In a moment of weakness, dad not only told Leon that he was his biggest fan, he also sang the opening line of "Out in the Woods" in the hopes that Leon would start up a duet with him. Instead of bursting into song in the middle of a computer store, Leon gave dad the side eye and a strained smile, and continued shopping for a hard drive.

Dad may have gone a little overboard, but Leon is completely deserving of his praise.

He's among the most influential musicians in rock music, and has collaborated with hundreds of artists including Eric Clapton, Willie Nelson, Frank Sinatra, B.B. King and The Rolling Stones. Leon is playing at 3rd and Lindsley on Friday, giving dad the perfect opportunity to sing along with him without the possibility of getting a restraining order.
— Jess Jowers

Cory Branan with Jacob Jones and the Shelby Street Revival & Jon Jackson
The Basement, 1604 Eighth Ave. S.
9 p.m., $8

Once you hear Cory Branan's song "Tall Green Grass," it will become your summer anthem. It's all about the simple pleasure of laying under the sun with someone you love, and these lyrics sum it up perfectly: "The man who said dreams don't last, never slept in the tall green grass; the man who said 'coocoocachoo' did some time in the tall green grass with you."

Branan's shows are intense — a roller-coaster of emotion as he goes from a song so honest and piercing your heart breaks and then as you are picking up the pieces he barrels head first into a feverish, rollicking song about falling in love with a girl from Tupelo.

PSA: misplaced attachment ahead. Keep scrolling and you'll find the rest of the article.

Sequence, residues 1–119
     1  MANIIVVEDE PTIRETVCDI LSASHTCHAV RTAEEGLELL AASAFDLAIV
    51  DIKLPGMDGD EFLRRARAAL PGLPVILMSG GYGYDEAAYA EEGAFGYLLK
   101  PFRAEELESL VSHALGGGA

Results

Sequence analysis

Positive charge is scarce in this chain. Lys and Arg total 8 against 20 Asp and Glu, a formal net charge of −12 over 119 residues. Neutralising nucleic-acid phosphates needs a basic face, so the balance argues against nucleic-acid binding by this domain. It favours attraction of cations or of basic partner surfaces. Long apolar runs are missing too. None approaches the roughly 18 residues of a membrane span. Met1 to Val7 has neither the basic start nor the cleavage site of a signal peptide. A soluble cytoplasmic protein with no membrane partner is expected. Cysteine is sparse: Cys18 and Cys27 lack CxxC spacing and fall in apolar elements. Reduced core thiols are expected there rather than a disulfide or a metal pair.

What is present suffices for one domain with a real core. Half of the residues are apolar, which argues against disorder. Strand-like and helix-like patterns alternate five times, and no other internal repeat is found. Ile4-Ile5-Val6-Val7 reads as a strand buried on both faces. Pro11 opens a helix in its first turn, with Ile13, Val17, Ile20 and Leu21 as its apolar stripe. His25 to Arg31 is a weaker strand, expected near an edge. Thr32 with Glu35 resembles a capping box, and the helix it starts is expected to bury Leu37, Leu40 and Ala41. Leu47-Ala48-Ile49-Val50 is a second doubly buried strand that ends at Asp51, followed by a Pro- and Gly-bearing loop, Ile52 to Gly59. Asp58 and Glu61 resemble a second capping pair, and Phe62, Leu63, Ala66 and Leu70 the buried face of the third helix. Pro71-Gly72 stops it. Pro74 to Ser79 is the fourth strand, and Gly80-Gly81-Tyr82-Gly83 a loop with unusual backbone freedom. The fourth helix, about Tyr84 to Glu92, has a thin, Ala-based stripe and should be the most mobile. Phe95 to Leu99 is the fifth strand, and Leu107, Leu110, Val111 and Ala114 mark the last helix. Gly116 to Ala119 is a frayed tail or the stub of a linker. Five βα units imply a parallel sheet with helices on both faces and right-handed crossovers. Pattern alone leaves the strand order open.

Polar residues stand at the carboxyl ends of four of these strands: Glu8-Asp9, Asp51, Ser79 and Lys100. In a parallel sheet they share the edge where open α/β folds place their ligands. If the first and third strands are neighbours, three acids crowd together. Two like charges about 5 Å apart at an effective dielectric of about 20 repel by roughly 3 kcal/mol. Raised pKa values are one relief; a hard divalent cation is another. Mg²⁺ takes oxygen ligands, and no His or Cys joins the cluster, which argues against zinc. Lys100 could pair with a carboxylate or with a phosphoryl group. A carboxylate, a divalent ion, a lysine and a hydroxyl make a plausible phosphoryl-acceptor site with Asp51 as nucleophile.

The one thing everyone agrees on is that Branan is in a league of his own with it comes to writing songs that are clever, deeply funny, dead-on true to life. There is no wasted line and every word is exact. But don't listen to me. Billboard magazine called him a "songwriting prodigy" who gives John Prine a run for his money, and Rolling Stone said "There's a new breed of singer-songwriter — Ryan Adams, Bright Eyes' Conor Oberst and now Cory Branan."

He hasn't played Nashville since early last year, so don't miss his show Friday night at The Basement where he's sure to be trying out the material he's putting on his latest album due out sometime next year.
— Alexa Hinton

15th Annual RC and Moon Pie Festival
4 Railroad Square, Bell Buckle
(931) 389-9693,
7 a.m. 10-mile run; 9 a.m. festival begins

If you’ve never experienced this festival, you have missed out on one of the coolest and quirkiest of all Middle Tennessee’s cultural events. Nestled among rolling hills in the tiny town of Bell Buckle, the festival celebrates (seriously) the Southern traditions of RC Cola and the Moon Pie. In fact, many “olympic” events center around the goodies, including the Moon Pie Toss and RC Dash, which is not to be confused with the RC/Moon Pie 10-Mile Run and its challenging “Hill.” If you run, you don’t feel so guilty putting away all those pies afterward — including the “world’s largest Moon Pie,” which gets cut and served around 4 p.m.

Bell Buckle sits just east of Shelbyville and can be reached several ways, but I-24 to SR 60 is probably the easiest. If you can’t catch the Synchronized Wading performance, you can catch some smoked barbecue and hand-squeezed lemonade, and if you don’t get crowned King or Queen you can forget your sorrows with live bluegrass music and craft fair purchases. Oh, and don’t forget to try a deep-fried Moon Pie.
— Vincent Troia

family event